In the 1840s, the decade when Washington Medical College (present site of Church Home and Hospital), Washington Hill's namesake, moved closer to the City, Washington Hill was still considered a distant suburb. It was not until the decade before the Civil War that the building of large houses along Broadway and East Baltimore began in earnest. The belief that high grounds were surrounded by healthier air encouraged this trend, as did the availability of gaslight, and the fashionable townhouses at the top of Washington Hill were completed in the 1850s.
Although Washington Hill did not become a residential area until the 1850s, the history of the area begins at least a century earlier. Fells Point, Washington Hill's southern neighbor, was an important East Coast Harbor by 1750 due to its deep-water harbor. In 1733, Fells Point and Baltimore Town were incorporated into Baltimore City, but until the walling of Harford Run, draining of swampland, and the construction of a new bridge at Fayette Street (which was not completed until 1812) the two areas retained separate identities because of transportation difficulties and the threat of yellow fever. After the two business centers were joined, Washington Hill was more strongly influenced by the shipping industry, as illustrated by the arrival of businesses serving seamen and the opening of several boarding houses, some of which are still in operation today.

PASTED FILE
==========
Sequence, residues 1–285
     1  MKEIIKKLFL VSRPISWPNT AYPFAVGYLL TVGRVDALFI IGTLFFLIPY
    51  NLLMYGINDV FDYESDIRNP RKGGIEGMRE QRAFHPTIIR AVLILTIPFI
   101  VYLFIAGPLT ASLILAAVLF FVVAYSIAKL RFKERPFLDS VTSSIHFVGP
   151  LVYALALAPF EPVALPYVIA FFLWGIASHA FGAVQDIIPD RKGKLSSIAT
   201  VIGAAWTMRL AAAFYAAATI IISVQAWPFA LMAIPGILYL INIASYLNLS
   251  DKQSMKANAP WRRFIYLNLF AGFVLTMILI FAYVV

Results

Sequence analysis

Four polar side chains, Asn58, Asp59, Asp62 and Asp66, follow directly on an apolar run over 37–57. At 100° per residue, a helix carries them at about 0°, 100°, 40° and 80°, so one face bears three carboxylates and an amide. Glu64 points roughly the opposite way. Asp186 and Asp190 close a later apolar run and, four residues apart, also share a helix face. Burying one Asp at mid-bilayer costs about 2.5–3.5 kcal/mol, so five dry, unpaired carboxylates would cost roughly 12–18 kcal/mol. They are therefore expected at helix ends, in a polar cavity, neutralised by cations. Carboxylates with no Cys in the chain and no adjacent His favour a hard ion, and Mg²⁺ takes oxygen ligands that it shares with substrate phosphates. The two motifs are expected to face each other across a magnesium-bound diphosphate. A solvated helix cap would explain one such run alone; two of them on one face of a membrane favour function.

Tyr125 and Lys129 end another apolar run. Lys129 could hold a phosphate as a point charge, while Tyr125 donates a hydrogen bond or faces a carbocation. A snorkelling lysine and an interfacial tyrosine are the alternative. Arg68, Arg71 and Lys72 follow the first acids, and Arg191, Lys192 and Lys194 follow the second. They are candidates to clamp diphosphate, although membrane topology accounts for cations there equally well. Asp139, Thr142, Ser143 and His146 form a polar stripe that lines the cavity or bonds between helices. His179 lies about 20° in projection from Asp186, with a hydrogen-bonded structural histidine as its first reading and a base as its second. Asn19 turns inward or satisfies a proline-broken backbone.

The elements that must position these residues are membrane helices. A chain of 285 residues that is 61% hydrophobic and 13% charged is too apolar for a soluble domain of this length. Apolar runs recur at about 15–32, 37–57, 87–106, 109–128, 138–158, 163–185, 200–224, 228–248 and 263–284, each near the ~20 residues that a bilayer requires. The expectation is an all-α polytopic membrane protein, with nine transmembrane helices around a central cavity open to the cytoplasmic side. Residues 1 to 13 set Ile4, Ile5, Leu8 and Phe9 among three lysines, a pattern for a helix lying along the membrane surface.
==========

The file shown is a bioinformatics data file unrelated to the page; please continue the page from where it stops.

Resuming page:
During the years after the war, many freed blacks moved from the south into Baltimore. By the early 1900’s a small black community had developed in Washington Hill along the inner blocks of Dallas, Bethel, and Spring Streets.
During the thirty years after the Civil War, the sea brought immigrants, principally German and Russian Jews, instead of sailors to the homes and businesses of Washington Hill. Through WWII, Washington Hill continued to be a diverse community, especially as Appalachian whites and Lumbee Indians joined Germans, Irish, Poles, Bohemians, Russians, and Jews.
In response to the suburban-migration of the 1940s and 50s and 'urban renewal' projects that planned to demolish existing structures, the neighborhood organized the Citizens for Washington Hill. Among their success stories are a cooperative of over 200 resident-owned dwellings that dominates Broadway and the blocks of East Fairmount and East Baltimore Streets, and a new complex of apartments that lines East Baltimore and Wolfe Streets.